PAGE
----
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I was thinking and the following question came out:

how an object that is falling is simulated once it hits the ground?

Specifically, I would like to understand how one would be able to simulate the cracking of the object, and its consequent breakdown in several pieces.

As far as I understood, this topic is quite important in computer games, but I was wondering how this things are studied in physics.

One approach I recognized was the use of meshes and continuum physics. On the other hand, a N body problem where the particles were "glued" could also work.

Does anyone knows what are the principles of crack formation and object breakdown in this sense?

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    $\begingroup$ Most computational research that I'm aware of into crack formation and propagation is performed at an atomic scale using molecular dynamics or some hybrid multiscale method that combines molecular simulation with ab initio methods. $\endgroup$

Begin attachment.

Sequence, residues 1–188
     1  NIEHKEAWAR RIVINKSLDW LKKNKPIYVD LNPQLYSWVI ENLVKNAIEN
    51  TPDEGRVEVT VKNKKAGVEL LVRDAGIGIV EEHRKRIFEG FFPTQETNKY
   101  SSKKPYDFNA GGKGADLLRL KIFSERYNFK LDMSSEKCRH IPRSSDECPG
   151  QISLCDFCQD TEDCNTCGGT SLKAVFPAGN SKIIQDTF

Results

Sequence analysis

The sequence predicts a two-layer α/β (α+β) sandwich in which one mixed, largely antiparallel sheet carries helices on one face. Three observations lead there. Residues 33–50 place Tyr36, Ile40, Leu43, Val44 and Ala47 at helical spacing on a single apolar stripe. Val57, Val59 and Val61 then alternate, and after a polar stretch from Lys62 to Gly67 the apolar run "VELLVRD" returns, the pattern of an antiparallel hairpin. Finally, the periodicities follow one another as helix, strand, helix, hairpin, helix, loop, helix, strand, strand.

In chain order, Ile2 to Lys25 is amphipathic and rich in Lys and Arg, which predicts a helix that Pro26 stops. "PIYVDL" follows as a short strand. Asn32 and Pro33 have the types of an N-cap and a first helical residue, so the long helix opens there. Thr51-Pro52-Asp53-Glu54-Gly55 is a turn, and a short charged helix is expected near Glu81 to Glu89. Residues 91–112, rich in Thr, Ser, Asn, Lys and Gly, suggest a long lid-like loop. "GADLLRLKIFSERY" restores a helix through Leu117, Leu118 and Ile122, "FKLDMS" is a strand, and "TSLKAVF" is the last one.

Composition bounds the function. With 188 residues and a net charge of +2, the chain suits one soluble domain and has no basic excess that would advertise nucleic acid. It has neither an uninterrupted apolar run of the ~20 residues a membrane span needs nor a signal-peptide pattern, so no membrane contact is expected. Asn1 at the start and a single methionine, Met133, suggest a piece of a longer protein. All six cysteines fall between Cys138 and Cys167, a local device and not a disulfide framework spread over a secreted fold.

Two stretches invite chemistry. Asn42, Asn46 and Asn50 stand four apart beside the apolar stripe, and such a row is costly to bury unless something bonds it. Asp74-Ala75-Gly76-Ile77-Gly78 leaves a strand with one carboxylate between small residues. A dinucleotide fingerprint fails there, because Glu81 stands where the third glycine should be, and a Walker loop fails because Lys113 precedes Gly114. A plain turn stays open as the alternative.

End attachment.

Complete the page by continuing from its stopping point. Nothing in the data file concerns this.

– lemon
    Oct 27, 2016 at 13:33

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In engineering there are two main mechanisms. One is brittle fracture and the other is ductile yielding. For the latter I will give the example of Von Misses Energy Distortion Theory and the former look at brittle fracture.

Other things to consider is elastic/plastic deformation, buckling, visco-elastic response, creep and contact indentation. All of those things deform the part from it's original shape.

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